Every hurricane season, from June 1 through November 30, we’re reminded that hurricanes are a force to be reckoned with, particularly when they make landfall in densely populated areas like Bermuda. In the wake of such a storm, local governments, businesses, homeowners and—of course—insurance companies are left trying to assess the damage and assign a final price tag to recovery and rebuilding efforts. Rick Murnane, Risk Prediction Initiative (RPI) Project Manager and Senior Research Scientist at the Bermuda Institute of Ocean Sciences (BIOS), recently published a study in the journal Geophysical Research Letters that may serve as an important tool in streamlining these efforts.
When asked about the accuracy of the model, Dr. Murnane explained that it correctly estimated the economic costs of Hurricane Irene, which made landfall in New York, New Jersey, and the outer banks of North Carolina in 2011. He is quick to point out that, due to the data set used in the study, the “5% per meter/second” relationship is specific only to hurricanes that make landfall in the U.S. According to Dr. Murnane, “other regions would have different characteristics (e.g., roughness of the terrain and exposure of buildings). As a result, further analysis is required to determine if similar relationships apply for other coastlines.”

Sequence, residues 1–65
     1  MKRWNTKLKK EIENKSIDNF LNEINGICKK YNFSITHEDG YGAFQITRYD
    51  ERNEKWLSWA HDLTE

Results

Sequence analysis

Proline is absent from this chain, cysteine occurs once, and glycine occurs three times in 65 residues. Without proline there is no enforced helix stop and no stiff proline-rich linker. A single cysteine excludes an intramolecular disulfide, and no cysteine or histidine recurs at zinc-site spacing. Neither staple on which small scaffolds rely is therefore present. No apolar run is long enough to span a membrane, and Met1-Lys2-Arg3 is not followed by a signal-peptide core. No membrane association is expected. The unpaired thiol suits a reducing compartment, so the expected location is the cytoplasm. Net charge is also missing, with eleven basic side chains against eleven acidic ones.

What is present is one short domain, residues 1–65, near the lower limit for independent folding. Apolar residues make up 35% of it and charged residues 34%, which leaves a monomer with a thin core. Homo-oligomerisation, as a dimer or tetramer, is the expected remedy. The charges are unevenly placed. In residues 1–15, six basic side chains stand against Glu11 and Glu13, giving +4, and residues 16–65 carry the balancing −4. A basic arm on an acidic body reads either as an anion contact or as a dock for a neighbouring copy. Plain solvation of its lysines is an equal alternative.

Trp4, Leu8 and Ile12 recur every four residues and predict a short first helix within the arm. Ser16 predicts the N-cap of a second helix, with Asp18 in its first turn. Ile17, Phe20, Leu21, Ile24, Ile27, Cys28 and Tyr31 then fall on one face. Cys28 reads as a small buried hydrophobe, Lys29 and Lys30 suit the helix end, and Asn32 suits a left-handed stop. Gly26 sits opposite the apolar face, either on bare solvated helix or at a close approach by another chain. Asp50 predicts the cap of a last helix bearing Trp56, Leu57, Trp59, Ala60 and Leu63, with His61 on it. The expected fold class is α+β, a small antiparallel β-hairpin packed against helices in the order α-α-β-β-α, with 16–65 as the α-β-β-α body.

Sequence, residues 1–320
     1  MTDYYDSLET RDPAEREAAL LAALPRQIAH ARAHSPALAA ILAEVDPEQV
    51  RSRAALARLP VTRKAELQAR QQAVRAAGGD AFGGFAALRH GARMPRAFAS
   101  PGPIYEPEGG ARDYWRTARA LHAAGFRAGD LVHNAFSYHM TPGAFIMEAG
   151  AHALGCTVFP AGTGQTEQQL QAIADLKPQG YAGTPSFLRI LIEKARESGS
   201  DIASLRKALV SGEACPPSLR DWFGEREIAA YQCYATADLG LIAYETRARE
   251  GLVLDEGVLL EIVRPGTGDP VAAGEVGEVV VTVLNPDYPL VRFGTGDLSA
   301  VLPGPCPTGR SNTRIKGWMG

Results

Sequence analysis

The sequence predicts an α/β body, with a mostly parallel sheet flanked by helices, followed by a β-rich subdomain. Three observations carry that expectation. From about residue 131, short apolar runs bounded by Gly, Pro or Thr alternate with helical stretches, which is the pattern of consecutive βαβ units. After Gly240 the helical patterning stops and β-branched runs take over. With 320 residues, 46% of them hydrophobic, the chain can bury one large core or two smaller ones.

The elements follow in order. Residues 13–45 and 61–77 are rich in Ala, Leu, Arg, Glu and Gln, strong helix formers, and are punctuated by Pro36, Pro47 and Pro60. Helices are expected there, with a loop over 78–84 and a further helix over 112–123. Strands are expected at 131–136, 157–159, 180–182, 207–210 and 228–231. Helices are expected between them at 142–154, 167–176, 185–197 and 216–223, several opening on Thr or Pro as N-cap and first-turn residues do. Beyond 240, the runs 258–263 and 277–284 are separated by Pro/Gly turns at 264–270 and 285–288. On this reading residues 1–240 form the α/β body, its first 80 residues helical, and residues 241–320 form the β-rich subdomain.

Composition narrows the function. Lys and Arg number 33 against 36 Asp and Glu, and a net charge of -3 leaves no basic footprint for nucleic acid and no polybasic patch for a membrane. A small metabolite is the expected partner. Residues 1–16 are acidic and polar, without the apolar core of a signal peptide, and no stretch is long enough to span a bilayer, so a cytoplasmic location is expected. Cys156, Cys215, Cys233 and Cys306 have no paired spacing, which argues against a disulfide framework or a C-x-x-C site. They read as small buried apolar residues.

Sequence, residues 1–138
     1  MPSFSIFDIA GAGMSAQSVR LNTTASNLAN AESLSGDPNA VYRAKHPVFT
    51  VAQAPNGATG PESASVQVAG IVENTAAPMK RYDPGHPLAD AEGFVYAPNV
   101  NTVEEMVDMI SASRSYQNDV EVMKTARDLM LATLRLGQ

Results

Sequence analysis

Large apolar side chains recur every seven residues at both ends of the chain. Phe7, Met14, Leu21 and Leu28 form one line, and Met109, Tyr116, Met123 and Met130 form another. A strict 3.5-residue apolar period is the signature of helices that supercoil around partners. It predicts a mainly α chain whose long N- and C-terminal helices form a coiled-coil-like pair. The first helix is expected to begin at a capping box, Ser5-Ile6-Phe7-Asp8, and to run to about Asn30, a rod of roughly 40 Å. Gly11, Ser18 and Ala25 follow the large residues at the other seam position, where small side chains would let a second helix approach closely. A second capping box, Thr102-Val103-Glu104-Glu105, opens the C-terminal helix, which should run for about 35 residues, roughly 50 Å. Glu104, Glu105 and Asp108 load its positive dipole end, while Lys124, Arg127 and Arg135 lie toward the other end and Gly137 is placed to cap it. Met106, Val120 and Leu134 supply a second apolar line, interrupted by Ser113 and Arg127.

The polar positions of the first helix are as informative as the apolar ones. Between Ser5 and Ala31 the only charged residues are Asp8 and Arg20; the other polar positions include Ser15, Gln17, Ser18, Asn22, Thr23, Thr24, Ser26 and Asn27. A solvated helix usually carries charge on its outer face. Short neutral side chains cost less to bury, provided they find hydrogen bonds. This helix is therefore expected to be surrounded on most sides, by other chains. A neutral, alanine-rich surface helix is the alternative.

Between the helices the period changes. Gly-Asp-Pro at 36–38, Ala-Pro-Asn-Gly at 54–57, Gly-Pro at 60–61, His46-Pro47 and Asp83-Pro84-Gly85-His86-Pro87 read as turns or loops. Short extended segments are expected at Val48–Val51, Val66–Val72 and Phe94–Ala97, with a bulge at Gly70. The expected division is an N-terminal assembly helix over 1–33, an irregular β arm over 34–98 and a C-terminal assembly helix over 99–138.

Understanding the factors that contribute to hurricane-related economic losses is of keen interest to the general public, commercial sector, and government, particularly as climate scientists warn that hurricanes may increase in frequency and/or intensity due to global warming. Dr. Murnane notes that, “Our findings support the view that changes in property exposure will likely dominate increases in future losses and emphasize the importance of proper building codes and code enforcement.”